The words were in a shrouded language that didn’t seem to have words, more of a continual call of vowels with the other letters missed out. Ceira called to the High Council and they replied. The voices of deep thought rose again from the silence. A rip appeared in the earth and a line of light drifted out. A tree opened to release another thin string of light. More emerged from the air and ground about them and crowded round the great oak tree.

The strands were like shots of lightening and rays of sun, each varying in brightness and colour. Hundreds of lights floated in the still air of the winter forest. Their voices chattered and told each other what they knew. The large crowd were faceless and bodiless: simple strands of light that wriggled in the air. Lilly held Ceira’s hand and stared wide eyed at the strange beings. Two moved forwards and flashed brightly. Ceira bowed and the chattering ceased and all fell quiet again.

“I have brought an, Ice witch, to see you, my lords.” Ceira gently shoed Lilly forwards. An immediate chit-chat rose up from the crowd. Lilly stood alone in front of the beings feeling vulnerable and exposed.

The middle two beings backed away and two others floated towards her. Lilly noticed that they moved symmetrically from opposite sides of the circular crowd. She was inspected by these lights that circled her and observed her every movement. When they returned to the group Lilly turned to Ceira who cautioned her to stay where she was. Four beings collected in front of her and shone brightly. A warm haze of mist blew off them and made Lilly feel safe and more comfortable.

Then they spoke.

“Little girl, you have found your power at an inappropriate age. You were first enlightened to it when you were younger we think.” Lilly shook her head and played with her skirt. Another voice spoke. A kind elderly woman;

“It is all right Lilly Mare.”

“Ice Witch of Hawes.” A deep man’s voice boomed.

“Daughter of Taybale.” A child’s voice peeped out from the voices.

“Shh.”

“You do not remember the night when your sister was born?” Lilly shook her head again. There was more discussion from the crowd. Lilly thought hard and tried to remember. “You spoke with a man that stormy night. He pulled you out of the cold waters of the ditch.”

“You giggled childishly when he tapped your nose.” A spiteful young man’s tone called out with this bullying remark.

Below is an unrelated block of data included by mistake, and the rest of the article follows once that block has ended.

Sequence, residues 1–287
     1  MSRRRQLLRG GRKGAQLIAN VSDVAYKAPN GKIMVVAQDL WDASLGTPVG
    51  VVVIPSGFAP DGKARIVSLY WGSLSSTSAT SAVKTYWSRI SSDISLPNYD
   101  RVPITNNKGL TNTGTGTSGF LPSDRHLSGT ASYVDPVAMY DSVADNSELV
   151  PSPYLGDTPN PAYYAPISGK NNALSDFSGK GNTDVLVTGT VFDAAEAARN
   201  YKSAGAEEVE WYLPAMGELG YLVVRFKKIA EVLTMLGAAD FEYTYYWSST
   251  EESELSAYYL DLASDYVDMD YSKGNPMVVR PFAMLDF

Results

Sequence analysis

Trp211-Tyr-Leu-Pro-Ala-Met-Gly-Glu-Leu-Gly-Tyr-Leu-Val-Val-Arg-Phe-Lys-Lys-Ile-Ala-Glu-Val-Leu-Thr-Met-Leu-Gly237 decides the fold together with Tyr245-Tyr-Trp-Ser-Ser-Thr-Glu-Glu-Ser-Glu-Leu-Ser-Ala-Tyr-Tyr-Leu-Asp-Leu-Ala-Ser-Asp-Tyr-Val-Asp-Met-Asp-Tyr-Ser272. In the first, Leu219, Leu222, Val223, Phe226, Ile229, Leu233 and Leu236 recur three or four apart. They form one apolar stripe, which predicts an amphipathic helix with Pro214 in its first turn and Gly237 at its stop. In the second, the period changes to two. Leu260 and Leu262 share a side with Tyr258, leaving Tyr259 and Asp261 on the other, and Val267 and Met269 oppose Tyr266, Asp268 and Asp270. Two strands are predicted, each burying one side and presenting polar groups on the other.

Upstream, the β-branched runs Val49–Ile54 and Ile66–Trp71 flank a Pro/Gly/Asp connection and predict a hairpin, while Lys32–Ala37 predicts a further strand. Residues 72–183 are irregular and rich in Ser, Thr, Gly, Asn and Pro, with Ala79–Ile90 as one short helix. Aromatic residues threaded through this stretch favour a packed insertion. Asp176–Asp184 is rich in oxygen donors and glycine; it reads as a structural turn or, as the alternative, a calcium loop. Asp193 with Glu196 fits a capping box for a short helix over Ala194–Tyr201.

“You were wrapped in a blanket when Eric picked you up and carried you home.”

Lilly couldn’t remember any of what being described to her.

“How do you know this?” she asked. The voices grew louder. Some laughed others wept. Lilly was afraid of the voices that echoed round her head.

“Do not be alarmed Lilly Mare. We mean you no harm.”

“We are here to help you.”

Old cheese.” The last message seemed strange but Lilly thought she must have misheard it.

“You have not been tutored with your magic as there have been many years without you knowing of its existence.” A joyful man laughed heartily in the group.

“It has grown unstable and needs to be corrected otherwise the damage may be fatal.”

Lilly listened carefully to the different voices and the different pitches. Each unique voice hit her ears like scented oils and dried flowers. So pleasant a sound that it sweetened her hearing to their fine song.

“You have great power if you can harness it.”

“Simon.”

“Simon?”

“Simon Mearad is tutoring her.”

“Simon is dead.”

“He lives.”

Oh when you see Lord Hairden give him a wink from me . . .” Sang a voice out of the group followed by a confused silence.

Suddenly there was a scream.

“You are being hunted!” A voice shouted in fear.

“Simon Mearad, Son of Jonathon.” The child’s voice seemed undisturbed.

“No the other.”

“A Sariff!” This voice sounded like it was crying. Lilly was afraid, but part of her puzzled by a semi audible voice saying random statements and songs. Reagel called to his mistress from overhead and cast his great shadow over the High Council.

“You must let yourself be taken.”

“She must not let herself be taken.”

“You must seek guidance from Dantoor.”

“Simon will fall.”

“Not now.”